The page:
Palm oil prices have dropped as much as 6% in the last two weeks, tracking a tumble by soybean oil, but further reductions could see the tropic oil gaining support from an unlikely source, crude oil. Palm oil has followed its rival soybean oil on a downward spiral. Soy has slipped as much as 8%, pushed down by good weather in the U.S. which has spurred crop planting. About 78% of the U.S. soybean crop was seeded as of Sunday, beating the prior five-year average of 70%, the USDA says. Another reason for palm oil’s fall were over-pessimistic forecasts about a spell of dry weather early this year hurting output in Indonesia and Malaysia, who account for 85% of global palm oil output. These turned out to be unwarranted as production was better than expected, and in some cases higher than year-earlier levels, said Morgan Stanley analyst Charles Spencer, commenting that “the drought seen in February and March didn’t seem to have much of an impact.” Global benchmark crude palm oil futures on the Bursa Malaysia fell to the seven-and-a-half month low of 2,375 ringgit ($735) a metric ton on Tuesday, marking a 19% decline from a 18-month high hit in March at the height of the drought. On Wednesday afternoon, they were trading around 2,400 ringgit a ton. Higher demand is expected ahead of the Islamic month of Ramadan, which starts at the end of June; but so far there has not been an increase in demand like many have expected. Cargo surveyors report that Malaysia’s palm oil exports slowed over the course of May, while in Indonesia, they fell 23% in April from March, contributing to a surprise trade deficit of $2 billion for the month. There are supportive factors on the horizon, as both Indonesia and Malaysia are pushing ahead with plans to divert more palm oil for conversion into biodiesel and reduce the burden of maintaining subsidies on transport fuels gasoline and diesel. Morgan Stanley’s Spencer said physical palm oil prices could decline another $50 a ton before finding some support when they reach same level as the ICE-Brent crude-oil price, which would improve the economics of using palm oil to make biodiesel. Palm oil costs around $850 a ton at the port of Rotterdam, including cargo, insurance and freight while Brent crude has been trading at close to $108 a barrel, or $810 a ton. “Since the mid-1990s, there have been very few periods when CPO prices have traded below Brent,” he said. Additionally, there is El Nino. Weather forecasters say it is probable that it will start affecting the climate, and global agricultural output, from August, although plantation companies and analysts suggest that lower palm oil yields won’t be at their worst until next year. Wall Street Journal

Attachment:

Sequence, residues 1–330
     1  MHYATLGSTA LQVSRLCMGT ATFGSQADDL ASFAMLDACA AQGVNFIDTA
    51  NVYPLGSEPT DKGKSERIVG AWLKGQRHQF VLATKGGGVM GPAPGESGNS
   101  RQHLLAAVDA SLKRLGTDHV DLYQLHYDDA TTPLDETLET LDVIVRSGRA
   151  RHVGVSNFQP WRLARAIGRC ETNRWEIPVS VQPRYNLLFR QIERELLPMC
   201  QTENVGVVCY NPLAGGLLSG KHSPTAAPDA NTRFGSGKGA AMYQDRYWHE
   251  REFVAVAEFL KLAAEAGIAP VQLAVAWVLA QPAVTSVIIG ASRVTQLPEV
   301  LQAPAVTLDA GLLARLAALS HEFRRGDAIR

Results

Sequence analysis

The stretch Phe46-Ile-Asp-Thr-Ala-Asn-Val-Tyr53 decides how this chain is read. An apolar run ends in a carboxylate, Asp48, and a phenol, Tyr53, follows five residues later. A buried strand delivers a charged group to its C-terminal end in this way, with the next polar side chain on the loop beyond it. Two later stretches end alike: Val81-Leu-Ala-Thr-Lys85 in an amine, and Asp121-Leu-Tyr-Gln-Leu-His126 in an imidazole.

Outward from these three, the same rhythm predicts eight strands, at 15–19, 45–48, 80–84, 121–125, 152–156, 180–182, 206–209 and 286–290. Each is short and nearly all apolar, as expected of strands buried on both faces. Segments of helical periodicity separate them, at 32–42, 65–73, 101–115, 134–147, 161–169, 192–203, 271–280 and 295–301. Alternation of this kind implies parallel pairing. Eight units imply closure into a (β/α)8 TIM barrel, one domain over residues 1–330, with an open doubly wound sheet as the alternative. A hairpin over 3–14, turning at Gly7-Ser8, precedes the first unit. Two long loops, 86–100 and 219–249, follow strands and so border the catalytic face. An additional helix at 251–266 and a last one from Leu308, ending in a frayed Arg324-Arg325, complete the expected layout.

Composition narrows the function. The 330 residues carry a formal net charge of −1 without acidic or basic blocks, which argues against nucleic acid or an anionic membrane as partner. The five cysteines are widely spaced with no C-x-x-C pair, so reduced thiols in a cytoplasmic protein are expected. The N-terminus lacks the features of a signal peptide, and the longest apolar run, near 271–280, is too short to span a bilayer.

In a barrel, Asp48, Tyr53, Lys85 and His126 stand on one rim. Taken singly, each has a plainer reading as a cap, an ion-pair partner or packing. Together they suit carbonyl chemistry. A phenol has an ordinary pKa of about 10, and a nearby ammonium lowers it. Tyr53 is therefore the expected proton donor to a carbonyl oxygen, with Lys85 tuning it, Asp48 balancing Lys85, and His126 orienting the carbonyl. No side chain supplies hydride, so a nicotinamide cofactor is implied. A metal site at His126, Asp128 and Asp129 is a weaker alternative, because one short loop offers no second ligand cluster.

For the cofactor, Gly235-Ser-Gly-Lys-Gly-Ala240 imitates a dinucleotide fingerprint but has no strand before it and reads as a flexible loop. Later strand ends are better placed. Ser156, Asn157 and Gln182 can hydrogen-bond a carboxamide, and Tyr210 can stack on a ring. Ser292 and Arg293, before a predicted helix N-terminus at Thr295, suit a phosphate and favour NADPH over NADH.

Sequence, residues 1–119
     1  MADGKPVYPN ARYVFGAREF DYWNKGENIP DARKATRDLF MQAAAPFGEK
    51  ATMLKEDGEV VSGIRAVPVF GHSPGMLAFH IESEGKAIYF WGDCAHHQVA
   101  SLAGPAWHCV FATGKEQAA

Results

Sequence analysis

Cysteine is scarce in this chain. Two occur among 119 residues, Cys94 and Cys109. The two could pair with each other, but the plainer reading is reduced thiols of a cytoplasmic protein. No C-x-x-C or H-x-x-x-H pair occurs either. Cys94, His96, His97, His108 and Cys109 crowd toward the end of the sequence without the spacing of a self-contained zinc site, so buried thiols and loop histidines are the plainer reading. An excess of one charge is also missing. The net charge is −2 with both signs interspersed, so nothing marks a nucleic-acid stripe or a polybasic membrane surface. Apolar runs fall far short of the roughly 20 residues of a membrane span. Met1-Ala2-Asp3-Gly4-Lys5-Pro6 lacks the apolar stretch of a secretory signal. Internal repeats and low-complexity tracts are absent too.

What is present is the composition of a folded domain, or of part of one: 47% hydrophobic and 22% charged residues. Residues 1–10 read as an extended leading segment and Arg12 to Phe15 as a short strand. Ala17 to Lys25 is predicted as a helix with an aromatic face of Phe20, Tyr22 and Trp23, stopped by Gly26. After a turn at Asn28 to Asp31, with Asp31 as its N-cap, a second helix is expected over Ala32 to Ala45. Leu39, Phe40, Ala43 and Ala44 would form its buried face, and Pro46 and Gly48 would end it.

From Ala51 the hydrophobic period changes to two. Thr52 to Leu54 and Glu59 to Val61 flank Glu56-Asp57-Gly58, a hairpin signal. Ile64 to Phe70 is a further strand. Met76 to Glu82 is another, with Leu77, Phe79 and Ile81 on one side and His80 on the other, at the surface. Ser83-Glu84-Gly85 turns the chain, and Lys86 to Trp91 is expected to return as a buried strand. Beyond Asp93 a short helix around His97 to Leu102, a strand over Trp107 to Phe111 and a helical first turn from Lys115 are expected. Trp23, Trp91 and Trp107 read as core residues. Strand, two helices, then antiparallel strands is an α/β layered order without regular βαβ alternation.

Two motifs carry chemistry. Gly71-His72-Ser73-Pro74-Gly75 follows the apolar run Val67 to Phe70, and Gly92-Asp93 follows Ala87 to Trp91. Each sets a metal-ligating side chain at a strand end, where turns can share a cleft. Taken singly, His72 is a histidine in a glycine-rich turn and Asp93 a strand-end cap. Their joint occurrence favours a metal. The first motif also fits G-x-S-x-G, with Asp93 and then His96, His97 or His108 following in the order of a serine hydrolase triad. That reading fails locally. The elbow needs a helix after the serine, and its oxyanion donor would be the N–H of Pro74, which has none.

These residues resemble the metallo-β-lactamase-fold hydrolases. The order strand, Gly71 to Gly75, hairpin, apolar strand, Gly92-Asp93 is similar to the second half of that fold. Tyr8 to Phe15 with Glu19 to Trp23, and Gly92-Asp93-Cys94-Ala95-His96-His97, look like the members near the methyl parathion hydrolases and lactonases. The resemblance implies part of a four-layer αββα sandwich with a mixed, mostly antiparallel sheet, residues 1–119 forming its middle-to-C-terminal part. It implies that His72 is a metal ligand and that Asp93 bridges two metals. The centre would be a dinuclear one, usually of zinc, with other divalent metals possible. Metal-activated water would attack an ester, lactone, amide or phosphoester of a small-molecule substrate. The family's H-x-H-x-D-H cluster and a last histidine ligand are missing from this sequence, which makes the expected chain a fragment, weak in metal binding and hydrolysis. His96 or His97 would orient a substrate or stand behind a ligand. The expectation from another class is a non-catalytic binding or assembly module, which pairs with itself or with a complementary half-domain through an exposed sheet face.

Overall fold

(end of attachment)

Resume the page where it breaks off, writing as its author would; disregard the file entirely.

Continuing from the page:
SUNFLOWER

Sunflower oil demand adds support to old/new crop prices

Ever since the USDA Planting Intention Report came out in late March, things have looked promising for the vegetable

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oil market, including sunflower oil. From October 2013 to March 2014 sunflower oil exports are up more than 2,000 metric tons (MT) – from 10,681 MT last year to 12,717 MT this year, according to the National Sunflower Association. Concerns are growing about a potential El Niño have provided support to oil values lately. Depending on the intensity of the El Niño, there can be a negative effect on palm production and could drive palm oil higher, lifting vegetable oil prices. Looking at other vegetable oil crops, Informa’s latest estimate of U.S. soybean acres in 2014 is approximately 82.1 million. This compares to the USDA estimate of 81.5 million acres and 76.5 million that was planted last year. The higher estimate is due in part to planting delays across the upper Midwest. While the weather and planting progress reports will continue to be the main market drivers in the near term, it has not affected sunflower planting decisions to date. Producers considering sunflowers still have plenty of time to get them planted in the normal timeframe to utilize the excess moisture in the soil and achieve maximum yields. Farm & Ranch Guide

SOYBEAN

Soybean Output Seen Climbing Next Season as Area Expands

Global production of soybeans may climb to a record next season as farmers expand planting especially in the Northern Hemisphere, Oil World has reported. World production may be 301.2 million metric tons in the 2014-15 season, 6.1% higher than the prior marketing year. Total harvested area worldwide may reach an all-time high of 118.5 million hectares (292.8 million acres), about 4% more than the year earlier, according to the report. “Competitive prices and price relationships are apparently resulting in record plantings in the Northern Hemisphere this spring.” “With the assumption of normal weather from now on, record soybean crops are likely to be harvested in the U.S.A., Canada, Russia, Ukraine and the European Union” the report read. Soybean futures on the Chicago Board of Trade, are up 15 % this year as traders weighed shrinking stockpiles in the U.S., against prospects for increasing global supplies. American output in the 2014-15 season, which starts on Sept. 1, will total 98 million tons, slightly less than the USDA estimate of 98.93 million tons. Higher output in the Northern Hemisphere may spur a drop in soybean prices, discouraging farmers in South America from a “sizable expansion” of plantings. Brazilian production is expected to rise 3.4 % in 2014-15 to 90 million tons, while Argentina’s output climbs 1.8 % to 56 million tons, according to the report. World soybean stockpiles will be 90 million tons at the end of the 2014-15 season, 23 % higher than the prior year, according to the report. Production of 10 major oilseed crops, including soybeans, rapeseed and sunflowers, may total 511.2 million tons, 3.2 % more than the prior year. Combined stockpiles of oilseeds were pegged at 105.3 million tons at the end of 2014-15, up from 89.9 million tons the prior season. Bloomberg